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Pitcher First Ronald Reagan's body double had one of the best arms of an era rich in hurlers

It's a shame so many obituaries of Bob Lemon, who died last week
at 79, began by identifying him as one of a multitude of managers
who passed ever so swiftly through George Steinbrenner's
revolving door. Lemon was a good skipper who guided the Yankees
to victory in the 1978 World Series, but he should be remembered
foremost as one of the finest of the postwar pitchers, a Hall of
Famer who won 20 games seven times and was, in 1954, a member of
perhaps the greatest starting rotation in baseball history: the
Indians' quintet of Lemon (23-7), Early Wynn (23-11), Mike Garcia
(19-8), Art Houtteman (15-7) and Bob Feller (13-3).

Ted Williams often called Lemon one of the three toughest
pitchers he faced, along with Spud Chandler and Hal Newhouser.
"He never gave in to the hitter," recalls Al Rosen, Lemon's
former Cleveland teammate, lifelong friend and, last weekend, his
eulogist. "He never nibbled at the plate. With him, it was always
strike one, strike two. He had a great natural sinker and a good
overhand curveball and slider. He fielded his position
flawlessly, and he was a good hitter too." (Lemon batted .321 in
1947 and hit 37 career homers.)

Lemon was also one of the most likable men in a game not exactly
overpopulated with the species. "With Lem you never felt you were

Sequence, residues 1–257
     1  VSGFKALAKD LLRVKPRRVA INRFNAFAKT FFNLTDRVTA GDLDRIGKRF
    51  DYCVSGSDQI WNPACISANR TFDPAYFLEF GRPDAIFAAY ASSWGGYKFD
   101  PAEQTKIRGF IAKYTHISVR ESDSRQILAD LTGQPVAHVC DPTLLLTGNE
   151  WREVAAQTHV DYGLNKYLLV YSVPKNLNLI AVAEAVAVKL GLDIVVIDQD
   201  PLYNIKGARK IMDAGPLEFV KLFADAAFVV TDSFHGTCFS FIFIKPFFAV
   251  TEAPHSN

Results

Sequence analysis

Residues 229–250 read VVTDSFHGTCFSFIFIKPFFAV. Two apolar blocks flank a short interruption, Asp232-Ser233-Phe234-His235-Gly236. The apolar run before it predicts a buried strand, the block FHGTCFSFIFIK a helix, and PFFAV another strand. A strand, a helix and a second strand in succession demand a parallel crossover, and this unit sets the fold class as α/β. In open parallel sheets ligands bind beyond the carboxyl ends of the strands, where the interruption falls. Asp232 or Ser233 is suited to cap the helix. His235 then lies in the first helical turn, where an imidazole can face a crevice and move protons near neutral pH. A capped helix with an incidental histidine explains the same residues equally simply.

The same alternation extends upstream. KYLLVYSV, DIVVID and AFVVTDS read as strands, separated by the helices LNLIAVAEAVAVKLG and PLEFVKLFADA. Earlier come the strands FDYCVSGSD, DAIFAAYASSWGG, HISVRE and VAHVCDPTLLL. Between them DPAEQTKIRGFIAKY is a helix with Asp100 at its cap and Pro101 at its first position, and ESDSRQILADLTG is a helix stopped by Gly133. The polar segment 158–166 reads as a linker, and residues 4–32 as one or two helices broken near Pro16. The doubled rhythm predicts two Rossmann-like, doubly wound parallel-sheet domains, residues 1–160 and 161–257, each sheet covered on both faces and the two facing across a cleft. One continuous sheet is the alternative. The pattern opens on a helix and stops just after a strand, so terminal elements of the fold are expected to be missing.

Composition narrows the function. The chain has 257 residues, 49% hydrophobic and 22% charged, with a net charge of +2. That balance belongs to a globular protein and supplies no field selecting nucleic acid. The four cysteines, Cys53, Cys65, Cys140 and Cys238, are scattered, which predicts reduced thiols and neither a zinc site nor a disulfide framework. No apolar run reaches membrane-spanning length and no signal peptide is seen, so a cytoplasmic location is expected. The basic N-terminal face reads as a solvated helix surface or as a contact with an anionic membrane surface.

in the presence of a great player," says Rosen. "He was always
just Lem, a Huckleberry Finn type. He could pitch a shutout the
same day he'd been out to 5 a.m."

Lemon enjoyed his cocktails, and he was in the great tradition of
barroom anecdotalists. One night at the Pink Pony, the renowned
spring training watering hole in Scottsdale, Ariz., he recounted
his role as Ronald Reagan's stand-in when the future president
was playing Grover Cleveland Alexander in the 1952 film The
Winning Team: "The idea was that Alexander was making this
comeback. So he nailed a catcher's mitt on the side of his barn.
The director calls me over and says, 'Now, I want you to hit that
mitt right in the middle.' 'Piece of cake,' says I. Under
ordinary circumstances I hit that mitt nine times out of 10.
Well, maybe it was the cameras or something, but I got nowhere
near it. I was hitting everything on that barn but the damn mitt,
and the madder I got, the worse I got.

"Then I hear this voice say, 'Mind if I try it?' It's Reagan.
Now, I won't say he threw exactly like a girl, but I doubted he
could hit the broad side of that barn. But I said, 'O.K., you
try.' I guess I don't have to say more: One pitch, smack in the
middle of that mitt. I've never been so embarrassed in all my

--Ron Fimrite